Consisting of Selections from the Philosophical Letters Published by Dr. Derham,
and Original Letters of John Ray, in the ... stated his concurrence in all that had
been said respecting the great merit of Ray as a naturalist , and the excellence of
Boulger's paper on The Domestic Life of John Ray at Black Notley and Mr. E. A.
Fitch's on “ John Ray as an Entomologist " in the same volume ) . A halt was
made at “ Dewlands , " Ray's home for the twenty years preceding his death ,
John Ray : pioneer plant taxonomist There are similarities between the lives of
William Turner and John Ray who lived a century later ( 1627 – 1705 ) ( see Plate
1 ) . Both had relatively humble origins . Turner was the son of a tanner from ...
Author: Patrick Armstrong
Publisher: Gracewing Publishing
Since the time of William Turner (c 1508-1568) the figure of the parson-naturalist has been conspicuous int he English Church and in English science. Clergy have made a formidable contribution to natural history in England. Gilbert White (1720-1793), the author of The Natural History of Selborne, is perhaps the best known of this distinguished company, but other notables include John Ray (1627-1705) with whom, it has been said, "the adventure of modern science begins." The brightness of the reputation of these individuals should not blind us to that great host of other luminaries who have made English natural history what it is today. There have been botanists and ornithologists, geologists and entomologists; clerical naturalists have included specialists on mollusks, sponges, fish, orchids, seaweeds and lichens.
Raven, Charles E. John Ray, naturalist; his life and works. 2nd ed. Cambridge:
Cambridge ... Ray, John. 'An Account of the Dissection of a Porpess, ... having
therein observ'd some things omitted by Rondeletius'. Philosophical Transactions
Author: Tim Birkhead
Francis Willughby transformed the study of natural history in the mid-1600s. Using previously unexplored archives and new discoveries we show that Willughby was a polymath, a true virtuoso, who made original contributions to many different fields of endeavor.
T Preface H E publication of Canon Raven ' s John Ray , Naturalist by the
Cambridge University Press in 1942 must I have opened the eyes of many
besides myself to the extraordinary qualities and endearing character of that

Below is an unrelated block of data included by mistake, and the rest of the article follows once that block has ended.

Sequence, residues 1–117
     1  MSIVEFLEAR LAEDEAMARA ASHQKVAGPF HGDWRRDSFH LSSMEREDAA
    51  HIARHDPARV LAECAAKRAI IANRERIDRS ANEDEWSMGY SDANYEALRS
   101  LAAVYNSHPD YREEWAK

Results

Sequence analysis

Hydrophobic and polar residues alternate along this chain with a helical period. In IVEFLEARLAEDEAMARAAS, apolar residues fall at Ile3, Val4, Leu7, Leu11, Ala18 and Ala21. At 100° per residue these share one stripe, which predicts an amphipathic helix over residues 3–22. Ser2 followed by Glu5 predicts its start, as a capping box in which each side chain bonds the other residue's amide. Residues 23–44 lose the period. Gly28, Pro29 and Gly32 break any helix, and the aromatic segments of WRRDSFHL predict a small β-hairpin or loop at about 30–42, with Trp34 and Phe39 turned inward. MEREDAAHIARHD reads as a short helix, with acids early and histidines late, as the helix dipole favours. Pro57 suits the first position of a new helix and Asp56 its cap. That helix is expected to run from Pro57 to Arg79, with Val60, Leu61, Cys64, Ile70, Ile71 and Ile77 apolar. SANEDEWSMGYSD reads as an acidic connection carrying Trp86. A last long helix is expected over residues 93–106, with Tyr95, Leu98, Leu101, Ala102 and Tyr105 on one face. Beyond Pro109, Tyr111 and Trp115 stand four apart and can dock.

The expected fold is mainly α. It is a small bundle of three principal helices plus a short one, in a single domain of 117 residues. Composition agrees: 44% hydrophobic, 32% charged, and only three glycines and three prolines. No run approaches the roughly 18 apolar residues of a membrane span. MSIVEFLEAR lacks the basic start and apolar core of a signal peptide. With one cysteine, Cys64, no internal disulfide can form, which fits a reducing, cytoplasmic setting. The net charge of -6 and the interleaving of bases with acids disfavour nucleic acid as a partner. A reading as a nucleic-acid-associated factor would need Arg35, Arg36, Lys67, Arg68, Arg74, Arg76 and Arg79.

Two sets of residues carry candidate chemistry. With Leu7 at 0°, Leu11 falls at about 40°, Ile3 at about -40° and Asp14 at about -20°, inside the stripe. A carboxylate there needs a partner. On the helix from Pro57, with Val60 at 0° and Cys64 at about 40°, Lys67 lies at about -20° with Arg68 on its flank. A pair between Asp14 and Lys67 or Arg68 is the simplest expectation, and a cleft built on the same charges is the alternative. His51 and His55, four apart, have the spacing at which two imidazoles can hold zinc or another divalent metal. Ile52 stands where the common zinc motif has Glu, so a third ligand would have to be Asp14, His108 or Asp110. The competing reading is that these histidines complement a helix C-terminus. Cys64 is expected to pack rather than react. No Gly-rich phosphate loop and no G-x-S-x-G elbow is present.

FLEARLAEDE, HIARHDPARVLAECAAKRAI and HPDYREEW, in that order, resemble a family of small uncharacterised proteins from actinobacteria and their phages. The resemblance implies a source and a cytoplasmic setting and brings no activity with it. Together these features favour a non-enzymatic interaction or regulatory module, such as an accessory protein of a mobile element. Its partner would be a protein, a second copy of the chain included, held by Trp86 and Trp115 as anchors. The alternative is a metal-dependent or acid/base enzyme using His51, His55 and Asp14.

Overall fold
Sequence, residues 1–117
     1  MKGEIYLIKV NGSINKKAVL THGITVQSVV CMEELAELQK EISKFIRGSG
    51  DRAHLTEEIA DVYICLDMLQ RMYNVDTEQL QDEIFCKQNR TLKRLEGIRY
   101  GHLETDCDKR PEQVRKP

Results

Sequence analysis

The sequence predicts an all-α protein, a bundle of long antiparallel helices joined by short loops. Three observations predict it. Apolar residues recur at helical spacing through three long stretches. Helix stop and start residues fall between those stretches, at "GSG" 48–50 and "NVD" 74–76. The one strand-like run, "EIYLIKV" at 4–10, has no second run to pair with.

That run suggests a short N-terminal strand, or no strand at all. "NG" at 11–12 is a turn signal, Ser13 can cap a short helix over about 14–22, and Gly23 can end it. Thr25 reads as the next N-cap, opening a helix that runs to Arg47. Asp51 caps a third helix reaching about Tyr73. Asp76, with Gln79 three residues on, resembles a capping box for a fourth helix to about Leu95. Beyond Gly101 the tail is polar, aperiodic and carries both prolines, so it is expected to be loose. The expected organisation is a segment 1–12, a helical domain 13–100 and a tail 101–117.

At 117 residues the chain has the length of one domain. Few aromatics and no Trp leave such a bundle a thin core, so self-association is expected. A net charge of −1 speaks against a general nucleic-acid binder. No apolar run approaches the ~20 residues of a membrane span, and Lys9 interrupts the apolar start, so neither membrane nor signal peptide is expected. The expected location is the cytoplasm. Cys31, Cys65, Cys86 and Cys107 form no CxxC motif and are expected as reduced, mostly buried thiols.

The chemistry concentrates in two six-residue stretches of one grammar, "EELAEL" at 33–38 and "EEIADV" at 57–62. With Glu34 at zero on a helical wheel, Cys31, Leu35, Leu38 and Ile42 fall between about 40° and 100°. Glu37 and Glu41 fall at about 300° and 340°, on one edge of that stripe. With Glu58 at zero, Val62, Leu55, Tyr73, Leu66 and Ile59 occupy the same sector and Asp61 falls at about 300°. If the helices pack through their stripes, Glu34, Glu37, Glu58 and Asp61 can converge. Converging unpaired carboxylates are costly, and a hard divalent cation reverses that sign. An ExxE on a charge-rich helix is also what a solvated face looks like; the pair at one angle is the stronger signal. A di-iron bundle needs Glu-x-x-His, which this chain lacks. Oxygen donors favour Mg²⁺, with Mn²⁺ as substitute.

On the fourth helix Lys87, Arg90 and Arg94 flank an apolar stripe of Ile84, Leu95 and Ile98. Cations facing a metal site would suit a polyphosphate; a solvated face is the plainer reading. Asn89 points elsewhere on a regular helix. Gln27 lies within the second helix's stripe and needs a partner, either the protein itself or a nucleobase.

remarkable man ...
Author: Geoffrey Keynes
Category: Natural history
Entries contain physical description of the work, including a detailed description of illustrations, and a list of holding libraries. Contains facsimilies of title pages and several portraits of John Ray.
THERE is none to whom botany owes a 1 greater debt than to John Ray , the son
of the blacksmith of Black Notley . Linnæus , the ... If the story may be believed ,
science is indebted to an illness for the botanical researches of our naturalist .
Almost contemporaneous with Morison was a more celebrated scientific worker ,
viz . , John Ray , born in Essex 1628 , died in 1705 . After studying theology he
travelled in England and on the Continent . Afterwards he received a pension ...
( Probably Rosa spinosissima , L . ) The next step in the history introduces us to John Ray . This remarkable man was born at Black Notley , near Braintree , in
Essex , in 1628 , and died at the same place in 1705 . He was educated at
75 S. A. Baldwin, John Ray, Essex Naturalist (Baldwin's Books, 1986). 76 C. E.
Raven, John Ray, Naturalist, His Life and Works (Cambridge University Press,
1942). 77 J. Ray, Historia Plantarum (Londini, 1686–1704). 78 Mayr, Biological ...
Author: John Wright
Publisher: Bloomsbury Publishing
Category: Language Arts & Disciplines
Latin names – frequently unpronounceable, all too often wrong and always a tiny puzzle to unravel – have been annoying the layman since they first became formalised as scientific terms in the eighteenth century. Why on earth has the entirely land-loving Eastern Mole been named Scalopus aquaticus, or the Oxford Ragwort been called Senecio squalidus – 'dirty old man'? What were naturalists thinking when they called a beetle Agra katewinsletae, a genus of fish Batman, and a Trilobite Han solo? Why is zoology replete with names such as Chloris chloris chloris (the greenfinch), and Gorilla gorilla gorilla (a species of, well gorilla)? The Naming of the Shrew will unveil these mysteries, exploring the history, celebrating their poetic nature and revealing how naturalists sometimes get things so terribly wrong. With wonderfully witty style and captivating narrative, this book will make you see Latin names in a whole new light.